This past week I discovered a new vendor at the farmers market, a young man with a big basket of fava beans. I bought what I thought was a huge bag, forgetting that fava beans are one of those joys of fresh vegetables that is associated with a lot of effort and a very small return except in flavor. I shelled what looked like a quarter bushel of favas, blanched the beans, took off the rubbery outer layer, and wound up with a cup of bright green beans. It’s no wonder that many cooks consider them either the equivalent of gold or not worth the effort.
Fava beans are one of the few (only?) Old World beans, and they have been grown for centuries in the Mediterranean basin. It seems a quirk of geography and genetics, then, that some individuals of Mediterranean extraction, most commonly, may harbor a deficiency of an enzyme, glucose-6-phosphate-dehydrogenase (G6PD for short) that makes them susceptible to substances found in fava beans. If an individual is sensitive, he – more common than she – may experience a sudden illness with rapid breakdown of red blood cells, and even kidney failure and death unless it is recognized and rapidly treated. The illness is well-known and has been called favism to show the link with fava beans. Fortunately, the vast majority of individuals can eat fava beans without worry.
I had thought that favas and prosciutto would go well with lightly sautéed bucatini pasta, but alas there was none to be found in any of the local stores. At that point I turned to my copy of Encyclopedia of Pasta, written in Italian by Oretta Zanini de Vita and translated by Maureen B. Fant (University of California Press, Berkeley, 2009). If you haven’t seen that little volume, you should check it out. It describes nearly every pasta shape you can imagine, tells how each pasta is made, and suggests how to use each one.
With all of the sensory overload of that beautiful book, I remained undecided until I remembered some wonderful pasta that I had purchased at our village market. I found it in the pantry, four-foot lengths of pappardelle folded in half and dried for “easy storage”. The manufacturer, Maestri Pastai, makes all kinds of unusual types and sizes of pasta. That’s great if you have a hard time finding exactly what you are looking for and don’t have the time or skill to make it yourself. Check out their website.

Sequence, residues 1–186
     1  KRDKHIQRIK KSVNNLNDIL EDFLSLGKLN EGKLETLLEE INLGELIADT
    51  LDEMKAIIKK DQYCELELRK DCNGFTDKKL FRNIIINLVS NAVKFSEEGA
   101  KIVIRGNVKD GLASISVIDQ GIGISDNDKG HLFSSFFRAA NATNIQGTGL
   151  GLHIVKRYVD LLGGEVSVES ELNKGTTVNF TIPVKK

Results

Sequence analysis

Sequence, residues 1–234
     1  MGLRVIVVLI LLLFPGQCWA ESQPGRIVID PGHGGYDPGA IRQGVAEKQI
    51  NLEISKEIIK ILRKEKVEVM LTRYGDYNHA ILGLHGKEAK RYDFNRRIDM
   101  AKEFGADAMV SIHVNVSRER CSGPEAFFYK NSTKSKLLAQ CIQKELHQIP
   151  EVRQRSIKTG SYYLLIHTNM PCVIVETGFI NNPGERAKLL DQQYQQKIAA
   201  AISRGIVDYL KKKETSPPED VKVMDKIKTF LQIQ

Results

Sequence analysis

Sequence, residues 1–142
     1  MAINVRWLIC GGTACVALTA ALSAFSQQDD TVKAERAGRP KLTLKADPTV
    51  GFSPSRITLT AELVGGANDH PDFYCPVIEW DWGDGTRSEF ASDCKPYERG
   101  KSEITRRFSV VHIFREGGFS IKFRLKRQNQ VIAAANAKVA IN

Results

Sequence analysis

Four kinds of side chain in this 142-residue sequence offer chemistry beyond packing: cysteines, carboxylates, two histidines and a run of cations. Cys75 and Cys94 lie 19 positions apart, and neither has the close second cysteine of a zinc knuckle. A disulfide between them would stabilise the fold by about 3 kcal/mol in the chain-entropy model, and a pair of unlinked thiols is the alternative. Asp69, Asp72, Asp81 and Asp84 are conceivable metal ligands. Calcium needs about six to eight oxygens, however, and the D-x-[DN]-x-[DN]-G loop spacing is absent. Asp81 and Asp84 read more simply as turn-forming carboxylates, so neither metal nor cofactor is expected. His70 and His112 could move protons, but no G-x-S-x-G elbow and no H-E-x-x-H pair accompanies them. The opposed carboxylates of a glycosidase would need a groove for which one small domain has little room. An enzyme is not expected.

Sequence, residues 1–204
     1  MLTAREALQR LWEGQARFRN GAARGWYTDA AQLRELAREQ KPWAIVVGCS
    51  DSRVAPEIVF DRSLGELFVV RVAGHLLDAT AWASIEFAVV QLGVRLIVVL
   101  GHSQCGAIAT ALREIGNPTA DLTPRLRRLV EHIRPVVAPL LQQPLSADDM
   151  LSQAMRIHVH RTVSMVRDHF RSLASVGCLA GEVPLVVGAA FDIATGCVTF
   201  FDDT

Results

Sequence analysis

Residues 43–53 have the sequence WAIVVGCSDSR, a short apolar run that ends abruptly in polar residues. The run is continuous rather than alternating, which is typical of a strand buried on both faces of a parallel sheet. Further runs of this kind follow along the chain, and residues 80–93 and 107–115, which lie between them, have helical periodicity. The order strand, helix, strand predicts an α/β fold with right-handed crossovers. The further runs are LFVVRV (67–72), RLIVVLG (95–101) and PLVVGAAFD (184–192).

The rest of the ingredients for this dish were easy to find. I had a spare package of prosciutto in the refrigerator, and that seemed like the perfect foil for the favas. The scallions came from the market, the mint from the back yard, and there is always a chunk of Parmesan in the refrigerator.
Pappardelle with Fava Beans and Prosciutto
- 2 pounds fresh fava beans
- 5 ounces dried pappardelle
- 3 tablespoons unsalted butter
- 3 tablespoons olive oil
- 4 scallions cleaned and cut into ½ inch slices, white and green ends
- 3 ounces prosciutto, thinly sliced and cut or torn into bite-sized pieces
- 25 fresh mint leaves cut finely into chiffonade
- 2 ounces fresh Parmesan, grated
- salt and pepper
- Shell the fava beans by breaking off one end and opening the pod along the seam. Collect the beans in a small bowl
- Plunge the shelled beans into two quarts of vigorously boiling salted water. Return to the boil for one minute – no more – and then drain the beans and transfer to a large bowl filled with ice water.
- When the beans have cooled, remove the outer skin with your fingers, being careful not to mash the beans. Collect the bright green inner beans in a small bowl and set aside.
- In a large pot, bring three quarts of salted water to the boil. Add the dried pappardelle and stir occasionally until the pasta is cooked, al dente, about 12 minutes, longer if you live at high altitude. Drain the pasta but do not rinse.Return to the pot along with the butter and olive oil. over medium heat. Add the scallions. Stir occasionally until the butter is completely melted and slightly colored. The pasta should have absorbed the oil and butter and sautéed lightly, but not browned.
- Stir in the fava beans and prosciutto until they are warmed through – 2 or 3 minutes. Stir in the mint leaves. Adjust the seasoning with salt and pepper. Top with grated Parmesan, and serve immediately.
5 responses to “PAPPARDELLE WITH FAVA BEANS AND PROSCIUTTO”
Yes, cooking favas are a lot of work. More fun is to do as the Romans do: Put a batch of raw pods on the table and let everyone shell their own and eat the beans with fingers, along with nuggets of fresh young pecorino.
Oops! Should’ve said cooking favas IS a lot of work!
Oh, that sounds like fun. When I was young we lived amidst a huge Italian family. That’s how we ate garbanzos fresh from their field.
Looks like a Rich Table dish!
My inspiration! A pale copy.